The reasons I sign up for new web stuff

Admittedly, I sign up for lots of web “social media” services. But I don’t sign up on far more than those I do. Sometimes I’m asked how I decide what shiny new web thing to register on.

Here’s how: I have to answer “yes” to at least two of the following questions.

Do I respect the judgement of someone recommending the site?
Is it something that seems “new” and not merely another version of something I already do?
If it is another version of something I already do, is there a compelling reason to have an alternative?
Is it something that relates specifically to a unique passion I have?
Is it something that challenges me to think in a new way?
Is it something that I believe will be of benefit — or perhaps, threat — to the clients I work with?
Is it something unique and different, but simple enough to be understood by people who aren’t geeks?

Here are a couple of things I’ve started playing with recently:


Glue: I’m actually very intrigued by the concept of Glue and believe it gives a glimpse of “what’s next” in the type of “social web use” I find most fascinating. Like “networking” sites, it utilizes the concept of “following” and “followers.” However, with Glue, you don’t go to a specific URL to check in with the actions and opinions of your friends — You discover them whenever you land on a web page about a book, movie, songs, TV shows, wines, stocks and gadgets any of your friends like, or merely have viewed. See, Glue is not a website, rather it is a Firefox “add-on.” Some fascinating things about the service: The item, a book for example, can be visited by one of your friends on any number of websites —, Powells, — doesn’t matter. When you land on any number of sites that sell the same title, your friend’s avatar shows up — a nice semantic trick. Like any networking thing, the service is more helpful the more people you know sign up. I don’t know yet, but it also may get a bit noisy when you start following too many. And as with any social networking service, you may want to follow different people for unique reasons — i.e., you may value someones taste in books, but not stocks or wines. However, those issues won’t become clear until enough people use it. Before signing up, I recommend you watch this screencast that does a great job demo’ing Glue. If you use Glue, follow me — I’m “rexhammock” there.

Loopt: Back in 2005, there was a company called Dodgeball that got acqhired by Google (actually, it was the transaction that inspired the term acqhire.) The concept had something to do with your mobile phone serving as a means for you discoverinh others you may know who are nearby. As I had neither the desire nor device to use the service, I decided it made no sense. (From the support they’ve given it, apparently Google didn’t either.) However, as I’ve become more fascinated with GPS-enabled devices, I’ve become a bit more warm to the possibility of having something that might alert me to an awareness of friends (or enemies, for that matter) who may be close-by. Loopt is sorta like that — with additional bells and whistles you can learn about here. I’ve just signed on.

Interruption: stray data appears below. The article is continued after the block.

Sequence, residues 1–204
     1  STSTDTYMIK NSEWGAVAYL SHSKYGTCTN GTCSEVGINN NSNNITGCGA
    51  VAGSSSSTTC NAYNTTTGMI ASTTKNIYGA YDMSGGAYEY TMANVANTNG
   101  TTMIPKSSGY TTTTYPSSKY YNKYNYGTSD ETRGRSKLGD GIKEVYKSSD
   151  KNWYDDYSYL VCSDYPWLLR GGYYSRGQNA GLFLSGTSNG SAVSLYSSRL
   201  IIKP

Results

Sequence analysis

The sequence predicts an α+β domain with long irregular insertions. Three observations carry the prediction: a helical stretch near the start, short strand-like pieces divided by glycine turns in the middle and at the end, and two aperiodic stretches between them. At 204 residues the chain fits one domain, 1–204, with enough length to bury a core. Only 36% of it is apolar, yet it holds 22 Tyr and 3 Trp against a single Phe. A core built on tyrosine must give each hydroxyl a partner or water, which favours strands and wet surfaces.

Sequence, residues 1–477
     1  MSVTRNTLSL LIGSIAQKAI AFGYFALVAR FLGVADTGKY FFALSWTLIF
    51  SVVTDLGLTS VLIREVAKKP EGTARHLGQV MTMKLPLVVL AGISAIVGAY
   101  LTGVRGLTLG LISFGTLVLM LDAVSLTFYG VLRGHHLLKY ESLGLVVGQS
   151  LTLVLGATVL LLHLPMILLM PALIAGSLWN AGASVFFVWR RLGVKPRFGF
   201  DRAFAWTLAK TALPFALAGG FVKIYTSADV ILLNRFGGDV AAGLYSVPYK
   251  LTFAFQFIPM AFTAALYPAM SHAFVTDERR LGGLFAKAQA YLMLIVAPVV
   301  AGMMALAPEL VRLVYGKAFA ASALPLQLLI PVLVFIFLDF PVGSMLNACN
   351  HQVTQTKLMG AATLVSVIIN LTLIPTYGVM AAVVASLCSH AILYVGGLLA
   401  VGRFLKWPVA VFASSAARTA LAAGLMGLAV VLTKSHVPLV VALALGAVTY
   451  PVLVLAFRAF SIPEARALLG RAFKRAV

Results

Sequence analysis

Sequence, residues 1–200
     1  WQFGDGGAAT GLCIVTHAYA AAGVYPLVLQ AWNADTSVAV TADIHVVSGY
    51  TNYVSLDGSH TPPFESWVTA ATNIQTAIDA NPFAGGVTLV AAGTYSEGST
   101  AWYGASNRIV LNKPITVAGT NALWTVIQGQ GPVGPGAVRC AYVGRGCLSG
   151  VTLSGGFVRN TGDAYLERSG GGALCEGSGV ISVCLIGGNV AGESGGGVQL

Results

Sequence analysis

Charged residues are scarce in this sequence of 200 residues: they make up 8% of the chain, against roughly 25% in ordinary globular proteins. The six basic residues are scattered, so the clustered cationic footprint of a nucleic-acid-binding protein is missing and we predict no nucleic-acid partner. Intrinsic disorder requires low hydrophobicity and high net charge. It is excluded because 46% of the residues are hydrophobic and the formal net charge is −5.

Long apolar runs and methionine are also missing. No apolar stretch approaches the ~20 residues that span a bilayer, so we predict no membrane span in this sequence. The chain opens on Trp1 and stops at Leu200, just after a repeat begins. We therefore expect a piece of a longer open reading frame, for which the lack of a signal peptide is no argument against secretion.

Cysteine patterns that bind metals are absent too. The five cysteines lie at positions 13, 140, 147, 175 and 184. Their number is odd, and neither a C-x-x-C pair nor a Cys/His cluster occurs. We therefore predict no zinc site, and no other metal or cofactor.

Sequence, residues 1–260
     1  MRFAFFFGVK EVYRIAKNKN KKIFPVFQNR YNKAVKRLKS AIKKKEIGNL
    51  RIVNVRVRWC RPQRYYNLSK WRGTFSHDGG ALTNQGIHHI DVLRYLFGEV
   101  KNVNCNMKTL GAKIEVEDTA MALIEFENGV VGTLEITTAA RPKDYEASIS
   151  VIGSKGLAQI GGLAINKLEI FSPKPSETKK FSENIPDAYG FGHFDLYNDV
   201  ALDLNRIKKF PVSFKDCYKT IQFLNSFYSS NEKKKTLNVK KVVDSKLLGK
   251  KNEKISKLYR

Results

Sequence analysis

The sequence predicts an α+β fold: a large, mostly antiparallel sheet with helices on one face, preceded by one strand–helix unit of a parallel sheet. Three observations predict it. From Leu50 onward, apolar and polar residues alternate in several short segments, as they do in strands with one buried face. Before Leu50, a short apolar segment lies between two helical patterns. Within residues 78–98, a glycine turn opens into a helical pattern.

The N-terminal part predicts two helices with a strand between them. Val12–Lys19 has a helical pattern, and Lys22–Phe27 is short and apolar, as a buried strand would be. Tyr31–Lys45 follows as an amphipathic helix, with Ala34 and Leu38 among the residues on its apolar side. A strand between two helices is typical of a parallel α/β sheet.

Something common about both of these services. They both enable “passive” web activities — visiting a website, for example — to be social gestures. Glue, for example, doesn’t even require a user to “bookmark” something to share it — you just visit it. And Loopt doesn’t even require that. You just click an App button on your iPhone and your posse knows where you are. If Twitter is “micro-blogging,” then these services offer their users the opportunity to do some “Chance Gardner* blogging.”

*One of my favorite movie characters of all time. Chance Gardner is deemed brilliant by others — merely by his being there.

  • Hi Rex – thanks for the great write-up about Glue. We’re excited to have you exploring the product.

    You’re spot on that many of the situations you described where the system could become a bit noisy won’t reveal themselves until more people get on the system. However, we believe that the way that the network is built (on popular pages you visit, connecting with friends who have visited the same thing) will help alleviate these issues.

    For example – if you are interested in my books, Matthew’s movies, and Susan’s taste in wine – chances are as you browse the book, movie, or wine sites that you like these people will naturally reveal themselves. Said another way, while you may see me on a few book pages, you won’t see me on any wine sites because I don’t visit them.

    That’s the benefit of building a network in the browser that exists across popular sites – you can solve for context and present relevant information when/where it makes sense.

    As you explore the service if you have any thoughts or feedback on things that you’d like to see please do let me know.